Please Note: This article was accurate at the time of publication. When planning a trip, please confirm details by directly contacting any company or establishment you intend to visit.

Brenda Darroch

Author:

Brenda Darroch

Biography:

Digital Editor Brenda Darroch creates and manages content for YankeeMagazine.com, YankeeFoliage.com, e-newsletters, and Yankee's search and social media initiatives. Follow Brenda Darroch on !
Yankee Magazine Advertising

Bring New England Home
plus, get the Tablet Edition FREE!

In this issue: A Real New England Christmas

  • Vintage Decorating Tips
  • Mission to Maine's Islands
  • Norman Rockwell's Stockbridge
  • Bonus! Holiday Cookbook
Subscribe Today and Save 44%

29 Responses to Historic Amesbury, Massachusetts | A Small-Town Community in the City

  1. Kathy March 21, 2014 at 1:48 pm #

    Why wasn’t there photographs of the historical hat factory or the Carriage museum? Or Lebaron Bonney? There is a lot of history in Amesbury. So much more that should have been included.
    The man who created Lil Abner, AL CAPP, was from Amesbury. You did not include that either.

    • Brenda Darroch March 21, 2014 at 1:53 pm #

      Hi Kathy,
      Thanks for your comment. As much as we would like to visit and include everything a town has to offer, there just isn’t enough time to see and do it all in a day.

  2. Sharon L Walker Fox March 21, 2014 at 1:50 pm #

    What a lovely article on Amesbury Ma! Love Love Love this area of New England where I was born (Newburyport) and brought up. My mother was from Amesbury and being Newbuyports Next door neighbor we spent alot of time there when growing up. Amesbury and Newburyport are football rivals and have the game of the year on Thanksgiving Day. And yes, my mother from Amesbury married a boy, my dad from Newburyport! This happens frequently. In closing thank you for highlighting this area frequently in your wonderful Yankee magazine! I look forward to each issue, for it reminds me of home, I may live in Ohio but my heart and soul remain in Newburyport – forever HOME!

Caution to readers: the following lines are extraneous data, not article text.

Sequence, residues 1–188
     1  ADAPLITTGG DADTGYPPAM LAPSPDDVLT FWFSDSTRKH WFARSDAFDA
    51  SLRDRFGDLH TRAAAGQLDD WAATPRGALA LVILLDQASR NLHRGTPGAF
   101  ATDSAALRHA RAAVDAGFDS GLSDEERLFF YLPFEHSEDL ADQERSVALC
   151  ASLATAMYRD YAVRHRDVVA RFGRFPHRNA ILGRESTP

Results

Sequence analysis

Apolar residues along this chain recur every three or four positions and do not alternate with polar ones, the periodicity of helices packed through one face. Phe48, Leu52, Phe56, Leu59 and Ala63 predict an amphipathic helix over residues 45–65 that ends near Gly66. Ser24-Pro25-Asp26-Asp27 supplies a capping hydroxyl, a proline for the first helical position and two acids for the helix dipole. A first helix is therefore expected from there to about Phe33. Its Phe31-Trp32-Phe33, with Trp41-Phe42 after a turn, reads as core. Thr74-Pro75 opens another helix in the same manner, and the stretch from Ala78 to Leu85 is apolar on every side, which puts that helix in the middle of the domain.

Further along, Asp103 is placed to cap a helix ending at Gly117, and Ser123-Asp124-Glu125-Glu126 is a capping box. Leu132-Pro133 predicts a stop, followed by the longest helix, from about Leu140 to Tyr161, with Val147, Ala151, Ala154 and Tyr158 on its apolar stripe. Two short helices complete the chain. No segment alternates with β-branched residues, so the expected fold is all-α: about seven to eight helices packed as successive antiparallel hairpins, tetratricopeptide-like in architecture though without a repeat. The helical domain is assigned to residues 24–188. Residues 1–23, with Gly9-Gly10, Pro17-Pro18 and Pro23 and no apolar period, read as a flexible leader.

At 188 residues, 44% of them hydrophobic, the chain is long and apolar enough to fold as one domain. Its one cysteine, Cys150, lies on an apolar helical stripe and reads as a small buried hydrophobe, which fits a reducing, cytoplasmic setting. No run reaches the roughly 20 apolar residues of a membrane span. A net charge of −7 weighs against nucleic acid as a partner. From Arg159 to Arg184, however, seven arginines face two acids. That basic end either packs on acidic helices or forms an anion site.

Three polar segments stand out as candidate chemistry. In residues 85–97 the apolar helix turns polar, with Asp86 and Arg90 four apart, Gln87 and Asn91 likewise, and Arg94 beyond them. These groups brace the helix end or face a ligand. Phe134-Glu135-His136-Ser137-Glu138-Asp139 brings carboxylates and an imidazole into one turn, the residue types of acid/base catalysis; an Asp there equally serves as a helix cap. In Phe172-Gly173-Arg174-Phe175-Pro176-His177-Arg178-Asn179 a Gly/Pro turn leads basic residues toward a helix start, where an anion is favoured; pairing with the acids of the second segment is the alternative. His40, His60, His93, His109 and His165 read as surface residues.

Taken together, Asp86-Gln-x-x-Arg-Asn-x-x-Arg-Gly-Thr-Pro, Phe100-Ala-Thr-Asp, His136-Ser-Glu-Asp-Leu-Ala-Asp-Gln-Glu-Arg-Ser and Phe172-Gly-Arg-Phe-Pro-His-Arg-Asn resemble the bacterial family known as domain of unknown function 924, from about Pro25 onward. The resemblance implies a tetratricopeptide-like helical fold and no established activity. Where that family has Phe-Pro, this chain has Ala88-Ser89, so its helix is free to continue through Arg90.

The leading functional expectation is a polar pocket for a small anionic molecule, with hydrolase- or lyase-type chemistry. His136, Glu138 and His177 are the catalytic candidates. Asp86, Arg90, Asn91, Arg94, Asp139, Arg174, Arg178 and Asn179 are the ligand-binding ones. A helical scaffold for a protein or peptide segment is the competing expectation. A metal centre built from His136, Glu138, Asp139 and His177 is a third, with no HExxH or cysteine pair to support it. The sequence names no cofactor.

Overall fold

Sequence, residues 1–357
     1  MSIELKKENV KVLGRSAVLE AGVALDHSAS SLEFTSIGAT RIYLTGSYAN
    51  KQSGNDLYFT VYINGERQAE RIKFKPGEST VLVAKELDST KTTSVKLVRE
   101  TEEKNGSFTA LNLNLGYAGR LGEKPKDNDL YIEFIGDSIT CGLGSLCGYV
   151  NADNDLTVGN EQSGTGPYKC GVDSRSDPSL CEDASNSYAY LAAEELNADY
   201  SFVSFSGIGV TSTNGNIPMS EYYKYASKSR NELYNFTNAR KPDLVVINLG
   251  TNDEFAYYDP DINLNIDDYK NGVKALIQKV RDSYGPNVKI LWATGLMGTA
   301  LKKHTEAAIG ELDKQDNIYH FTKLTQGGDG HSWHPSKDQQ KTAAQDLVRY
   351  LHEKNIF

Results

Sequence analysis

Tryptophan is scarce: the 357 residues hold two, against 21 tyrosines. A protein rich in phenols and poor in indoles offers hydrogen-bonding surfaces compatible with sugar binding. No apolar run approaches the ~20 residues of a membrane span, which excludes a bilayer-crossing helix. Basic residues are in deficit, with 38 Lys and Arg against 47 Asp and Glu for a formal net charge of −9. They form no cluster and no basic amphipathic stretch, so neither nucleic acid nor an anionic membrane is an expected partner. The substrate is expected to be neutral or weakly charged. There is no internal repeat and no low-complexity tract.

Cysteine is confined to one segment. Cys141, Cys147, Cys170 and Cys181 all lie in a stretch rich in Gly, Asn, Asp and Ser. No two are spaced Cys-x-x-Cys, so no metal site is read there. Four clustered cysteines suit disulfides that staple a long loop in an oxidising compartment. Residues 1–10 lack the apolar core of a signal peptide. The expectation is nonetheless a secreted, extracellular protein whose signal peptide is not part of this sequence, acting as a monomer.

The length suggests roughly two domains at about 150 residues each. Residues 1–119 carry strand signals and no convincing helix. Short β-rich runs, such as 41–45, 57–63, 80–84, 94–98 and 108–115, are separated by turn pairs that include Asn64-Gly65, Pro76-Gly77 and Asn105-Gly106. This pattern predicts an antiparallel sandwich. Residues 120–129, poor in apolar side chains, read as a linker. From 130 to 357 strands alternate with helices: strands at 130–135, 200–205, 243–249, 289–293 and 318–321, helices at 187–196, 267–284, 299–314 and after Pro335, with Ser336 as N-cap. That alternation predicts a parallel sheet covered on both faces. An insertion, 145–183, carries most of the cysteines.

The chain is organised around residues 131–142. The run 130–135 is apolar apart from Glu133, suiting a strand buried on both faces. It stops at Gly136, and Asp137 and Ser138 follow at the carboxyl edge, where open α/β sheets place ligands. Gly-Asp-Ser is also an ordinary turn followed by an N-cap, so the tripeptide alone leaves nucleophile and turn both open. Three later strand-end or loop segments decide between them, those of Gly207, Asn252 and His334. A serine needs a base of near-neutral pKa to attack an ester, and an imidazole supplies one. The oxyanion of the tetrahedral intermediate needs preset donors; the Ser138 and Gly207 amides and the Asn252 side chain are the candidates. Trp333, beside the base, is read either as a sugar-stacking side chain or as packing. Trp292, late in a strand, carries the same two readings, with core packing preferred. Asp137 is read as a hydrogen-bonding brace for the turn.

• Brenda Darroch March 24, 2014 at 10:41 am #

      Thank you for taking the time to leave me such a lovely comment, Sharon!

  3. Christine Green March 21, 2014 at 1:51 pm #

    Great article about my beloved city! But curious to not see a carriage or mention of Amesbury as the Carriage Center of the World. We have a rich history as the center of carriage manufacturing as well as early “horseless carriages!” There is so much to learn and see about Amesbury, it obviously can’t all be included in one article! Come back again once Heritage Park and the Carriage Museum is complete! Thanks so much for telling New England about our gem of a city!

    • Brenda Darroch March 21, 2014 at 1:59 pm #

      Hi Christine,
      I focused on the the places we visited that day. I think I could probably spend a week there and not see or do it all.

      • Christine Green March 21, 2014 at 5:37 pm #

        That’s for sure. We hope you’ll come back next year! Thanks again!

  4. Marie March 21, 2014 at 3:47 pm #

    Brenda and Yankee Magazine,

    Thank you for the wonderful article about our little Northshore city. Amesbury is an fabulous place to reside, hosting multiple water-bodies, fields and forests, as well as an incredibly rich history. Thanks for showing the not-so-known aspects of this awesome place, rather than the same-old carriage stuff. It was fun to read about places I’ve never been, even though I live here. Pickle Palace?!